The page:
Carambola is rich in antioxidants, potassium, and vitamin C; and low in sugar, sodium, and acid. It is also a potent source of both primary and secondary polyphenolic antioxidants. Averrhoa carambola has both antioxidant and antimicrobial activities. Scavenging of nitric oxide (NO) by the fruit extract is dependent on concentration and stage of ripening. Extracts showed antimicrobial activity against E. coli, Klebsiella spp., Staphylococcus aureus, and Pseudomonas aeruginosa.
Carambolas contains oxalic acid, which has been considered harmful to individuals suffering from kidney failure, kidney stones, or those under kidney dialysis treatment. Consumption by those with kidney failure can produce hiccups, vomiting, nausea, and mental confusion. Fatal outcomes have been documented in some patients. Recent research has however, identified another compound structurally similar to phenylalanine which the researchers have termed caramboxin, to be responsible for the observed effects.
Like the grapefruit, carambola is considered to be a potent inhibitor of seven cytochrome P450 isoforms. These enzymes are significant in the first-pass elimination of many medicines, and, thus, the consumption of carambola or its juice in combination with certain medications can significantly increase their effective dosage within the body. Research into grapefruit juice has identified a number of common medications affected, including statins, which are commonly used to treat cardiovascular illness, and benzodiazepines (a tranquilizer family including diazepam).
The trees are also grown as ornamentals for their abundant brightly colored and unusually shaped fruits, as well as for their attractive dark green leaves and their lavender to pink flowers. Like the bilimbi, the juice of the more acidic sour types can be used to clean rusty or tarnished metal (especially brass) as well as bleach rust stains from cloth. They may also be used as a mordant in dyeing.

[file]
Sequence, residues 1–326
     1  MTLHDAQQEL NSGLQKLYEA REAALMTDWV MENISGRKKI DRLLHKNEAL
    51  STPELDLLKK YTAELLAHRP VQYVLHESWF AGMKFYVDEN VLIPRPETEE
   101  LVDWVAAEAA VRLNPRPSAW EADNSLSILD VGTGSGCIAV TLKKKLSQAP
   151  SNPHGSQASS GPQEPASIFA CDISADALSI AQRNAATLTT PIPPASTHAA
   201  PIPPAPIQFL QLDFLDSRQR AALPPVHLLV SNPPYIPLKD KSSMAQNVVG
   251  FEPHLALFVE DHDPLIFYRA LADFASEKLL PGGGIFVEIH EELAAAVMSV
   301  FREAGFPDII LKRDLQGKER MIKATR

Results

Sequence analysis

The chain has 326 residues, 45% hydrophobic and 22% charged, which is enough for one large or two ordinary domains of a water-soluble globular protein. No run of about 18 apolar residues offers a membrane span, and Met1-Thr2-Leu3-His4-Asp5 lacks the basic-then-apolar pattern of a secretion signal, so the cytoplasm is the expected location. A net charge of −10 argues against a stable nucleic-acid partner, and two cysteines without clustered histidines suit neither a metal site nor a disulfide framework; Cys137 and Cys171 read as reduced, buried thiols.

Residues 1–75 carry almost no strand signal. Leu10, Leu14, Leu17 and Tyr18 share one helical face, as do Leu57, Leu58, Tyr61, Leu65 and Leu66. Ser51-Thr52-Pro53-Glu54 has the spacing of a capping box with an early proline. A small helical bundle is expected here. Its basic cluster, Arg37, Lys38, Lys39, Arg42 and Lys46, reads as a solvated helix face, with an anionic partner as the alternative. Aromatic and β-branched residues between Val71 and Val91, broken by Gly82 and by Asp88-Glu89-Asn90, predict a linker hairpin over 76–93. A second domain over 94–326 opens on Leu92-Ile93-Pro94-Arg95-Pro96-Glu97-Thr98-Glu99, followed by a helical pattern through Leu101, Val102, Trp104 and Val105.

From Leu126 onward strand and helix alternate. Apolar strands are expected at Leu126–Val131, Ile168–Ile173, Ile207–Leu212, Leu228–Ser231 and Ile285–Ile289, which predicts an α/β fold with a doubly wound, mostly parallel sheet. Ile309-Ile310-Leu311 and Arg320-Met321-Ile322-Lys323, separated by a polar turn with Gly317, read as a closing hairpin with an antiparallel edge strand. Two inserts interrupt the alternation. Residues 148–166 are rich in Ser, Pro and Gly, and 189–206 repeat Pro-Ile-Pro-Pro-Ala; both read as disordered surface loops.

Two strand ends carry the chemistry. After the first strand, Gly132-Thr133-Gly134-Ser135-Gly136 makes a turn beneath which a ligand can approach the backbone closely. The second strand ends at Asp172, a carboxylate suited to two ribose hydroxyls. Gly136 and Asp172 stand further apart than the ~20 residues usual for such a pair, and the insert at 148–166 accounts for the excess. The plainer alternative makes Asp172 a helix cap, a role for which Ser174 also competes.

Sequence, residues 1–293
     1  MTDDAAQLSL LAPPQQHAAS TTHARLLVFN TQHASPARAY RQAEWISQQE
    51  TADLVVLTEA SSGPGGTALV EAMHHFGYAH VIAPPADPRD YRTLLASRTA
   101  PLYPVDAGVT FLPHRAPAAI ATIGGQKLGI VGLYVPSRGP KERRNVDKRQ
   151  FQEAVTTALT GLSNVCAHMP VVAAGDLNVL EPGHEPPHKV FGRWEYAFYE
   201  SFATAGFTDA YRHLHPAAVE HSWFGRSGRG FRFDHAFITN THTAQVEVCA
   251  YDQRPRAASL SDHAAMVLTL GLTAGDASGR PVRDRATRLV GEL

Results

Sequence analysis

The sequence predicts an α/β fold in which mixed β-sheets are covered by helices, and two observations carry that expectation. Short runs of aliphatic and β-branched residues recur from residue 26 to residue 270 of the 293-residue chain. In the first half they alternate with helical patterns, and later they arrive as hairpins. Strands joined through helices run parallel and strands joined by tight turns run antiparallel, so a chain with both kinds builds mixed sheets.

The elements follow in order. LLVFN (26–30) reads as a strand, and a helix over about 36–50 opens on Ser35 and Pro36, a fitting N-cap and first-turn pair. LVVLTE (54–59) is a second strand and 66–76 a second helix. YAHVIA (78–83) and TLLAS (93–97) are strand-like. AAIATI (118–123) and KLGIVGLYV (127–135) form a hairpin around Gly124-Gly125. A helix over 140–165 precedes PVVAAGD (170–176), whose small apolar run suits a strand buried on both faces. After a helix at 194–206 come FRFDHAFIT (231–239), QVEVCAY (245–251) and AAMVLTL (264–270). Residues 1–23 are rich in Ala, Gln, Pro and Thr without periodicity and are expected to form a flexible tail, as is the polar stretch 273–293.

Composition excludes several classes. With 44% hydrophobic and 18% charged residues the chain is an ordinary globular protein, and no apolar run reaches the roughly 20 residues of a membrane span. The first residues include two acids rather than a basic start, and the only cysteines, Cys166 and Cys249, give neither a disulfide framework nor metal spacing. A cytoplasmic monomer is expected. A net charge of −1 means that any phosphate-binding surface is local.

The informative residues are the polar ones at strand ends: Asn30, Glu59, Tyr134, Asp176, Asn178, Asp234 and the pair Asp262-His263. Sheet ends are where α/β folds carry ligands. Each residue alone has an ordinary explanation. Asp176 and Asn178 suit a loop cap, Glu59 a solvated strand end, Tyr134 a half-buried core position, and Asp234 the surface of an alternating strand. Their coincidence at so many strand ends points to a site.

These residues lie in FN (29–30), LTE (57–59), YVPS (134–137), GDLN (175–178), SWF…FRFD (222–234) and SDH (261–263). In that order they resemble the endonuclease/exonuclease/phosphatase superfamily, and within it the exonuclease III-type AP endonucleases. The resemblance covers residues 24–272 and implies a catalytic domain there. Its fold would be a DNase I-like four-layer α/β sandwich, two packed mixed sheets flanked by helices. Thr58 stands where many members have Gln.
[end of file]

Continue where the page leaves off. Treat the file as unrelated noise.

Health Benefits Of Star Fruit
1. Sources of vitamins A and C
As a source of vitamins, especially vitamin A and C, starfruit effective as an antioxidant in the fight against free radicals. The fruit is also able to help prevent the spread of cancer cells, increase endurance and prevent canker sores. Star fruit provides small amounts of vitamin A and folate, but it is an especially good source of vitamin C. Every serving of raw star fruit contains 22.7 milligrams of vitamin C, an amount that fulfills 20 percent of the RDA of the vitamin. Individuals who regularly eat enough vitamin C may be less likely to develop cardiovascular disease, osteoarthritis, cancer and age-related macular degeneration because vitamin C inhibits the ability of free radical compounds to damage DNA. The vitamin C content in star fruit degrades rapidly when the fruit is exposed to heat, air or light. To maximize nutrition, eat star fruit within three to four days of purchase.
2. Lowering cholesterol levels
Starfruit contains pectin that is able to bind cholesterol and bile acids contained preformance intestines and helps expenditures. In addition, this fruit can also reduce levels of bad cholesterol in the body.
3. Rich in fiber to improve digestion